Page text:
The O2 Academy Liverpool (formerly the Carling Academy Liverpool) is a music venue in Hotham Street, Liverpool, England, that is run by the Academy Music Group. The main building consists of performance areas. O2 Academy1 can hold 1,200 (900 floor/300 balcony) people while O2 Academy2 can hold 500. There are also 5 bars in the building which cater for the visitors who come to see shows (2 in O2 Academy2 and 3 in O2Academy1. On 6 November 2008, it was announced that Telefónica Europe (owners of the O2 Network in the UK) had become the new sponsor of all Academy venues, in a deal with music promoter Live Nation. The deal, which lasts for five years, sees all venues rebranded "The O2 Academy", in line with Telefónica's purchase of the Millennium Dome (now The O2). On 20 December 2010,Sir Paul McCartney got back to where he once belonged, performing a homecoming show at Liverpool's O2 Academy for the very first time. Fans were treated to tea, coffee and Chips from a van outside the venue as they eagerly waited to enter.

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  • Moncrieff Inscription

    Moncrieff Inscription in Falkland in Fife, Scotland. This inscription is on the wall of a house in the High Street opposite to the Palace. It reads, " All praise to God, thanks to the most excellent monarch of Great Britaine, of whose princelie liberalities this is my portione. Deo Laus. Esto fidus. Adest Merces. Nichol Moncrieff, 1610."

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  • Let the rehearsal begin !

    First day of rehearsals for David Hughes Dance Scotland's autumn tour of Scotland, Switzerland & Germany - shot at DanceBase, Grassmarket, Edinburgh

  • Memorial to the Moorfoot Pit Disaster (1883)

    An explosion at the Altham Colliery (later named Moorfield) Lancashire resulted in the deaths of 68 Men and boys on 7th November 1883 (including my Great Grandfather, James Osbaldeston (aged 37) and his son Great Uncle, Richard (aged 11). James died instantly but Richard died a few days later as a result of burns. My Great Grandmother Sarah was left without any means of support to bring up my Grandmother and her sister in Clayton Le Moors, Lancashire.

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  • Kilting in Edinburgh

    Edinburgh Walkabout

  • Church of Our Lady and Saint Nicholas, Liverpool

    The Church of Our Lady and Saint Nicholas is the Anglican parish church of Liverpool. The site is said to have been a place of worship since at least 1257. The church is situated close to the River Mersey near the Pier Head. The Chapel of St Nicholas (Patron Saint of Sailors) was built on the site of St Mary del Quay, which in 1355 was determined to be too small for the growing borough of Liverpool. It is designated by English Heritage as a Grade II listed building,and is an active parish church in the diocese of Liverpool, the archdeaconry of Liverpool and the deanery of Liverpool North. Note the gilded copper weather vane in the form of the ship is on top of the tower of St Nicholas added to the church in 1746.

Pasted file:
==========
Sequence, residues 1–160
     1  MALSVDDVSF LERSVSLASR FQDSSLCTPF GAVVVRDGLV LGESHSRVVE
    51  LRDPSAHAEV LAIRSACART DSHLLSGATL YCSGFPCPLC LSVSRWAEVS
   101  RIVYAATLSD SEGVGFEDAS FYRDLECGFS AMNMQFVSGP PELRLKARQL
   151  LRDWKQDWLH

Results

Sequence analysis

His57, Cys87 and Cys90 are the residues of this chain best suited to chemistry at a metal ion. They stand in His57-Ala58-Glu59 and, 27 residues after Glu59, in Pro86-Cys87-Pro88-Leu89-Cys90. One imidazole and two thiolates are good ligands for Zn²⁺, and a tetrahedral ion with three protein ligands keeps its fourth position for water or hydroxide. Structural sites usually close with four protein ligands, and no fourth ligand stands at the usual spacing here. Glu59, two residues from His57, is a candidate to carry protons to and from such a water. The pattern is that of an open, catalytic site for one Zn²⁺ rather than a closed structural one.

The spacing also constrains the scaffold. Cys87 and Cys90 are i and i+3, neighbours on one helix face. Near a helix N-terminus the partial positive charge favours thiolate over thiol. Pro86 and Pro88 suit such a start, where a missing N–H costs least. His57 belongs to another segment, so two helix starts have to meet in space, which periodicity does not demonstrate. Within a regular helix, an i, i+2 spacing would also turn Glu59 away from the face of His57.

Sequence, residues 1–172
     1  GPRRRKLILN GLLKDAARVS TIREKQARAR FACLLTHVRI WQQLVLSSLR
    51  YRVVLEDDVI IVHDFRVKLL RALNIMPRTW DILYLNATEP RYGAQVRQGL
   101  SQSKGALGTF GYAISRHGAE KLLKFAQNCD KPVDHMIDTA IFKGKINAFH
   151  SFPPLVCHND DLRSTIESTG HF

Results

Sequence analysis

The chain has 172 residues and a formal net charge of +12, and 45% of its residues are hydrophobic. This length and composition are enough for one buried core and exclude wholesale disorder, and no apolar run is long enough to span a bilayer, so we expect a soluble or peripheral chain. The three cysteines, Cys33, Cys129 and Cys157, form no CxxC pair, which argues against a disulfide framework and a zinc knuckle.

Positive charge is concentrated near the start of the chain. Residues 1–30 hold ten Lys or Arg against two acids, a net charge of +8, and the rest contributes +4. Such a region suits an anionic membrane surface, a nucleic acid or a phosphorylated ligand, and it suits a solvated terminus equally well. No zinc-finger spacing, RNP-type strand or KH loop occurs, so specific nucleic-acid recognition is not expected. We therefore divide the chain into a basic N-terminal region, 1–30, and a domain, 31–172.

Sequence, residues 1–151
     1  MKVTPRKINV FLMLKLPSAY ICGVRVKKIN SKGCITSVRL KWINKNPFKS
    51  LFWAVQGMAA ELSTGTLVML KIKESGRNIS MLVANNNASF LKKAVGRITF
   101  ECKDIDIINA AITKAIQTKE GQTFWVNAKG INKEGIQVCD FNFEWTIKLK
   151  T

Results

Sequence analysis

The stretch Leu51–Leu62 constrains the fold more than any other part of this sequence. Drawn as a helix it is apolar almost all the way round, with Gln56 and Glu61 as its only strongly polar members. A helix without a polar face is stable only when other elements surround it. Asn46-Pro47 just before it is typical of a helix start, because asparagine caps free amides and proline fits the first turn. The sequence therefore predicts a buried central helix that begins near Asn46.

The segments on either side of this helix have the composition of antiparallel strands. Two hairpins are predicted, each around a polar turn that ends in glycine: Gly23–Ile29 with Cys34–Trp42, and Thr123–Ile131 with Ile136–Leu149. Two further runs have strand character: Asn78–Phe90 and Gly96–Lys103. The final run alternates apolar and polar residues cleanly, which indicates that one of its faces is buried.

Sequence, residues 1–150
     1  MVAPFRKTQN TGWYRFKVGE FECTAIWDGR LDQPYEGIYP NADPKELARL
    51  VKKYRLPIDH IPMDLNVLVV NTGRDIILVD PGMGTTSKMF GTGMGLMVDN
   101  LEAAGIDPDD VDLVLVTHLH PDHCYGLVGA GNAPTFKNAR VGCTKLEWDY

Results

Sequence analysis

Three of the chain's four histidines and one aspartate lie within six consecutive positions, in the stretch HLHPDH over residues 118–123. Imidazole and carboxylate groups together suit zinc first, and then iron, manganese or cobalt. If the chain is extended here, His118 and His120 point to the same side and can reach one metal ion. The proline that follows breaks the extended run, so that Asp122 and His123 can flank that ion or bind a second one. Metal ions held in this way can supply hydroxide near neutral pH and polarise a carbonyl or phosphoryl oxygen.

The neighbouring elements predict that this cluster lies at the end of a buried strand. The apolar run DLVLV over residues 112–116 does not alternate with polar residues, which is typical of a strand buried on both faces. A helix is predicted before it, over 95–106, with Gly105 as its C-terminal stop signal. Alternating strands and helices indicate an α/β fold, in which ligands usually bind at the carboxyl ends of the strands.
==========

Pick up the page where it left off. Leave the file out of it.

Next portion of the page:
• Edward VII Statue, Liverpool

    Strategically sited in the middle of the central axis between the Cunard Building and the river is the majestically dominant, 4.9 metres high, bronze equestrian statue of King Edward VII by Sir William Goscombe John. The statue was commissioned following the death in 1910 of the king and was originally intended to be located outside the south entrance to St. George's Hall. However, after much wrangling it was decided that it should be placed in its current location and almost 11 years after being commissioned, the sculpture was unveiled in 1921 in a ceremony lasting 10 minutes

  • Royal Liver Building

    The Royal Liver Building is located in Liverpool and is sited at the Pier Head and along with the neighbouring Cunard Building and Port of Liverpool Building is one of Liverpool's Three Graces, which line the city's waterfront. It is also part of Liverpool's UNESCO designated World Heritage Maritime Mercantile City. Opened in 1911, the building is the purpose-built home of the Royal Liver Assurance group, which had been set up in the city in 1850 to provide locals with assistance related to losing a wage-earning relative. One of the first buildings in the world to be built using reinforced concrete, the Royal Liver Building stands at 90 m (300 ft) tall. It was the tallest storied building in Europe from completion until 1932 and the tallest in the United Kingdom until 1961. The Royal Liver Building is now however only the joint-fourth tallest structure in the City of Liverpool, having been overtaken in height by West Tower, Radio City Tower and Liverpool Cathedral. Today the Royal Liver Building is one of the most recognisable landmarks in the city of Liverpool and is home to two fabled Liver Birds that watch over the city and the sea. Legend has it that were these two birds to fly away, then the city would cease to exist.